Curry said Knull had provided him with four criteria — that the jobs of all current full-time Middletown police officers would be “protected,” that the deal would result in 12-hour shifts, a guarantee that police officers with previous military service could “buy back” their service, and that the deal would save the borough at least $750,000 a year.
The mayor told the Press & Journal that Lloyd’s criteria were the same, except her benchmark for annual savings was $1 million.
Curry said he believes council was not interested in seeing the figures, despite the proposal meeting the criteria set by council, because “it was an election year.”
Curry could not provide the date for when the closed-door session took place, and referred the Press & Journal to Klinepeter.
Klinepeter in an emailed response said he was provided with “preliminary figures” in the form of a preliminary draft cost of service budget.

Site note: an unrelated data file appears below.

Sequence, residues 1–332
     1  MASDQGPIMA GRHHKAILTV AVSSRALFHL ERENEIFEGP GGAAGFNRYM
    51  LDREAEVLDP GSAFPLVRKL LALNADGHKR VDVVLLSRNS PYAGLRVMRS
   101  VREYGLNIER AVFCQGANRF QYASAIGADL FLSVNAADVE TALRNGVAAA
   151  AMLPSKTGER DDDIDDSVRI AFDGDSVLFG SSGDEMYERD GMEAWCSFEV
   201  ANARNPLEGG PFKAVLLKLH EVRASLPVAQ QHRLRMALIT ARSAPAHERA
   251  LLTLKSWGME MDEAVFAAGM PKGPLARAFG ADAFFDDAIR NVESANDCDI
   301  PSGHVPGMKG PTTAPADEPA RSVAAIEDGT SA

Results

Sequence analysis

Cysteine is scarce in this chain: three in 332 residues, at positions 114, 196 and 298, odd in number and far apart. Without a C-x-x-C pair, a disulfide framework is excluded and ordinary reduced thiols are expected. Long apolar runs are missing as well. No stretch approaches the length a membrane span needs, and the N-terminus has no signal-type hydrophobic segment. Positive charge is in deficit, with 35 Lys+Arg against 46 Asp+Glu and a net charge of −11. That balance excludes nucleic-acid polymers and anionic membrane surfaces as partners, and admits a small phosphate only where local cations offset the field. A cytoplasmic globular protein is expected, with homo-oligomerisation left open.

“Although council chose not to possess or personally review a copy of the document when offered, they did listen to my description of the contents of the documents and a discussion ensued,” Klinepeter said in the email.
Klinepeter could not recall the exact date of the closed-door meeting, but said that the “general timeframe was July-August.”
Lloyd speaks out
Lloyd, also interviewed for this article, said while she has “the utmost respect for Kevin and value his opinion on any issue,” that Zartman wrote the letter at Curry’s request and that the numbers concerning the estimated savings were provided to Zartman by Curry.